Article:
Queering the North Exhibition
Performance Space, Manchester Central Library
23 August – 28 August 2021, 10.00am – 4.00pm
The OUTing the Past International Festival of LGBT+ History (established in Manchester in 2005) has teamed up with the Museum of Free Derry to create the first retrospective showcase of Queer Activism in Northern Ireland.
This is a rare insight into the previously unacknowledged tenacious heroism of queer activism in Northern Ireland before, during and following “The Troubles”. The project was greatly enriched by the support of several archival collections and regional LGBT+ groups and queer veterans.
The Queering the North Exhibition aims to bring to a wider public an expansive and nuanced reading of the history of the LGBT+ community in Northern Ireland. It brings together archives and recollections from a range of key activists within a scaffolding provided by academic research. The exhibition includes an expansive chronology of key events, commencing with the deliberate exclusion of Northern Ireland from the decriminalising legislation offered by the 1967 Sexual Offences Act through to the introduction of Equal Marriage to Northern Ireland in January 2020.
Museum of Derry Curator Adrian Kerr described the exhibition as a natural step for his institution: “This is a part of our collective past that has been kept hidden, and this is reflected in the nature of the information available for the exhibition. It is the hope of all involved that this will act as a provocative spur towards the creation of the first comprehensive reading of our LGBT+ history.”
The Mayor of Derry City, Cllr Michaela Boyle: “I had the great pleasure of hosting a reception in the Guildhall for the Exhibition Launch. I believe that this exhibition goes a long way towards creating a better understanding of the sensitivities and changes faced by the LGBT+ community and how we can all work collectively to create a better informed and respectful environment on this important issue.”
Sue Sanders (Founder & Chair of LGBT+ History Month UK and Professor Emeritus of the Harvey Milk Institute): “A thrilling and crucial exhibition that reflects the vital importance of working together to seek human rights for all.”
Free – please drop in
Richard Wilson has something he wants to get off his chest: “When I did Desert Island Discs, they didn’t mention my directing at all.” But he wants to set the record straight; despite coming to fame as Victor Meldrew in the BBC sitcom One Foot in the Grave, he is most proud of his work as a director, which has seen him do associate stints at the Royal Court in London and, latterly, Sheffield Theatres. “I always felt that my directing was much more important than my acting,” he sighs. “I was rather p—ed off.”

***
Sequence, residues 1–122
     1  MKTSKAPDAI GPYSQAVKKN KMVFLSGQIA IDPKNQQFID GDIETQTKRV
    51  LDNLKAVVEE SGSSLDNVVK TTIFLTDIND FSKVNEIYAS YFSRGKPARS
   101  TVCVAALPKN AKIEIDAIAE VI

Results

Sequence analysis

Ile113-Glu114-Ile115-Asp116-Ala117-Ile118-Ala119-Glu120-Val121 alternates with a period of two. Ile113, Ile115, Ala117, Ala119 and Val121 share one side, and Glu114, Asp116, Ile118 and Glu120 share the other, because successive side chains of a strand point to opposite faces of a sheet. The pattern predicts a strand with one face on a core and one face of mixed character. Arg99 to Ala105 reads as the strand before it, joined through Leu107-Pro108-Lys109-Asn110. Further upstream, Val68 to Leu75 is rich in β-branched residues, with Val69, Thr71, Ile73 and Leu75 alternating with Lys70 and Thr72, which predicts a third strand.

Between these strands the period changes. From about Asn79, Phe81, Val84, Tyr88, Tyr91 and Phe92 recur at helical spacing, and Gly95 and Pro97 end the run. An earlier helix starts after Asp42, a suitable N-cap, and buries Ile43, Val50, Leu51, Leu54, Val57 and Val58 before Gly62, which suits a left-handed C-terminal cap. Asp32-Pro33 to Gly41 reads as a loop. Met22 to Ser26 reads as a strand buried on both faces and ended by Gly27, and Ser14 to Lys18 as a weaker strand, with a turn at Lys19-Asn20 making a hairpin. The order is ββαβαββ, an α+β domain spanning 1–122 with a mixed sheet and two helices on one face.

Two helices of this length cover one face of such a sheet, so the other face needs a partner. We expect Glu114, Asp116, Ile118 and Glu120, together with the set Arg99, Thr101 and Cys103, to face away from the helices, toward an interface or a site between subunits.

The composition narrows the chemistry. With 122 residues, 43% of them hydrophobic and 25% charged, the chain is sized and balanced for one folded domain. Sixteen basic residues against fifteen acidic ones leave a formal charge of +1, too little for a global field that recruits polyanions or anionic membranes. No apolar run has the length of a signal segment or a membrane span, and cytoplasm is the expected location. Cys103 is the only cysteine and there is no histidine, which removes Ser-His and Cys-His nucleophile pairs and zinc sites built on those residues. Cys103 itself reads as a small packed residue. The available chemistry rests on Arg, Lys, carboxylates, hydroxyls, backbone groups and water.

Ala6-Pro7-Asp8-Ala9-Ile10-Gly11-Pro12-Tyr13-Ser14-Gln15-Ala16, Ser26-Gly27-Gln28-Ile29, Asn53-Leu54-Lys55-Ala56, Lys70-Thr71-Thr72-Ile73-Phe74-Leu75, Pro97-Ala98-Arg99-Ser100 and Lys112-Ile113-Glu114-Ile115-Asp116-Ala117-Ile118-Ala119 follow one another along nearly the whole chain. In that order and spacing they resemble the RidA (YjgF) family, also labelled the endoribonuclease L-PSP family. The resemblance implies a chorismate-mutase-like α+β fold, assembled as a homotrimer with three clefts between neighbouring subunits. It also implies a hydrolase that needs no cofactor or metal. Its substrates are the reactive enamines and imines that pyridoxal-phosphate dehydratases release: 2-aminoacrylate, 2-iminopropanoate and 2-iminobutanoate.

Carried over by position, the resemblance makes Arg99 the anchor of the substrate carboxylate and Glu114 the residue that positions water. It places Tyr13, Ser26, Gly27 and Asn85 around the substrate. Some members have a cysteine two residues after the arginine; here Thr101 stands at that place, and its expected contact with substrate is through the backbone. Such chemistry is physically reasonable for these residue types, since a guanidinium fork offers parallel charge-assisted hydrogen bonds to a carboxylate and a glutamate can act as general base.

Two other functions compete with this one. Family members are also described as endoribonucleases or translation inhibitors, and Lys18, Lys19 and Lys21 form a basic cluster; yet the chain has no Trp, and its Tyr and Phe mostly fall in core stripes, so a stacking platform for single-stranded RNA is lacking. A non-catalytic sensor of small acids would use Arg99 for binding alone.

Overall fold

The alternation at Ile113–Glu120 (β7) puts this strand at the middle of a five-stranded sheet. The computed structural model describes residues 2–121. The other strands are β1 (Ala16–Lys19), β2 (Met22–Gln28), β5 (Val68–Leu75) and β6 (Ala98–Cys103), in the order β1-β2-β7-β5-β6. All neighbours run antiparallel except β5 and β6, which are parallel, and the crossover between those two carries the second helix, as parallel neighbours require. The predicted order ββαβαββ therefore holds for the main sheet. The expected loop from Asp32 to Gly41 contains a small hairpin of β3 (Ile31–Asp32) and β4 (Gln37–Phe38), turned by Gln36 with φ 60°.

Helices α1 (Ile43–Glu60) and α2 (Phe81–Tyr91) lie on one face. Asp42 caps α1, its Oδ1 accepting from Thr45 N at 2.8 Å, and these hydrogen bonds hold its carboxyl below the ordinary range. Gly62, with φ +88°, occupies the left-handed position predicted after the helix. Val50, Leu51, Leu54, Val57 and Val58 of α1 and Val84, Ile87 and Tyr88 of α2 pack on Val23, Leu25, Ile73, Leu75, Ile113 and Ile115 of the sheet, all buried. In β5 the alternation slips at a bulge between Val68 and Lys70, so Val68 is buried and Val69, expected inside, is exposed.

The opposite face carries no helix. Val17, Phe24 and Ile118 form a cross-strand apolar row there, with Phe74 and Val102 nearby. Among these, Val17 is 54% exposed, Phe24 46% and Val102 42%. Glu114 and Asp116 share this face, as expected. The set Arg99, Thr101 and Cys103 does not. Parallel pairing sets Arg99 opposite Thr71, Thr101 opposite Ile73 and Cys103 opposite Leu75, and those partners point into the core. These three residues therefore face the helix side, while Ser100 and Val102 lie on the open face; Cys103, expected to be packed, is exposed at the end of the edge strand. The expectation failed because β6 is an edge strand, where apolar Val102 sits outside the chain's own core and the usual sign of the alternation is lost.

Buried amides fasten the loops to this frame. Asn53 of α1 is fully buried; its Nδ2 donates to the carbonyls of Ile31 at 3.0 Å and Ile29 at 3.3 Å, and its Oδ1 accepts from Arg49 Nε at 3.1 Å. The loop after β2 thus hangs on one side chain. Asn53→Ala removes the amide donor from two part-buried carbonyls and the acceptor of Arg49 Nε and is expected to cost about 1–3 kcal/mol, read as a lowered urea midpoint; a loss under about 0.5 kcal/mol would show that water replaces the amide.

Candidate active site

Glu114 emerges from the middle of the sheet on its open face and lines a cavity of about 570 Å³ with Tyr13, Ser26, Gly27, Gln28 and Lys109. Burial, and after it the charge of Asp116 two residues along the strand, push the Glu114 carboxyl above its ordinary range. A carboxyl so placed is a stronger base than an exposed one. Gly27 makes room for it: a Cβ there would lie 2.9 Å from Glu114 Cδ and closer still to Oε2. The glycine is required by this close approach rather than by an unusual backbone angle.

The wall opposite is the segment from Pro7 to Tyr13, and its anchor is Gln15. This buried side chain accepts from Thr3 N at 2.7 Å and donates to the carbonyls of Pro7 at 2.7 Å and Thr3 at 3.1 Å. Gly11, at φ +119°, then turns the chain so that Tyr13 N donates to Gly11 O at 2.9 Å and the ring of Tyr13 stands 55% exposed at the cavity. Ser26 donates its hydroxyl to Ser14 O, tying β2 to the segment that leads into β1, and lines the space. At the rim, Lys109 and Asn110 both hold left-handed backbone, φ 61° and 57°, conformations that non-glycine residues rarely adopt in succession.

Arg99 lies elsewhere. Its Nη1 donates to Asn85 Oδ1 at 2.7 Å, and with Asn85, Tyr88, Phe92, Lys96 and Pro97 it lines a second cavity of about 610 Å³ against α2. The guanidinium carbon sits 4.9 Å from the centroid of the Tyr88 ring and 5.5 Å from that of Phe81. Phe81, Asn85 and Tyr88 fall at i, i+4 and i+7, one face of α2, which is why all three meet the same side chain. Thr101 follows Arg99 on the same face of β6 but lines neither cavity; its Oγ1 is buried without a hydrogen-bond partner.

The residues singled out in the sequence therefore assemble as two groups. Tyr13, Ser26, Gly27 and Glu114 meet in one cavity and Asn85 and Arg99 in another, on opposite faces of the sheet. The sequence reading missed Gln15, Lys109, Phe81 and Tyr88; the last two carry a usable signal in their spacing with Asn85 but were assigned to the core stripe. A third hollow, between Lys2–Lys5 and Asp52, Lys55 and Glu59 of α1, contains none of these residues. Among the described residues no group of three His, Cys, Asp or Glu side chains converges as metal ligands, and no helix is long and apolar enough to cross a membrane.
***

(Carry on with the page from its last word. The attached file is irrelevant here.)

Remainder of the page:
The actor was “outed” when Time Out included him in a list of influential gay people in 2013. Richard, now 85, has been a supporter of gay rights organisation Stonewall. He said “I was delighted it had come out. I was a bit worried my sister might find it difficult but it did not seem to worry her at all.” He said being gay in the 1950s when homosexuality was illegal did cause problems.
Richard has long campaigned for gay rights, but never spoken about his sexuality. “I don’t mind people saying I’m gay, because I am,” he says. “But I don’t live in a gay relationship”.
Today, he’s a dashing gent of a man with an OBE for services to his profession and a reputation as a thoroughly nice bloke, but he remains painfully shy, rarely venturing out of his flat without a pair of glasses and a cap.
Here are some things you might not know about his life and résumé:
1. He originally passed on his iconic role as irascible retiree Victor Meldrew.
2. He and Sir Ian McKellen once considered moving in together.
3. He was officially “outed” by London’s Time Out magazine in 2013.
4. He describes himself as a “lifelong socialist”.
5. His voice may be instantly recognisable — but he wasn’t always proud of it.
6. He reunited with his One Foot in the Grave co-star Annette Crosbie on British daytime show Loose Women in 2018.
7. The only thing he disliked about playing Gaius in Merlin was his wig.
8. Over the years, he’s been a prolific theatre director — and a popular one.
9. He became good friends with Alan Rickman after casting him in a play he was directing.
10. Oh, and for the record: He doesn’t think he’s too much like Victor Meldrew.
“Victor was the opposite of me in many ways. I always thought that he was, maybe not a Conservative, but certainly a member of the Liberal Party, and I have always been a staunch left-winger. He had no work at all, poor man, and I had too much. But I suppose there is a sort of Scottish dourness about Victor … and me.”
In celebration of Manchester Pride, Sonder Radio are having two full days of throwback shows from Bill Haycraft, Tony Openshaw and Rachel Oliver along with some amazing out and proud music!
Listen on 27 and 28 August on sonderradio.com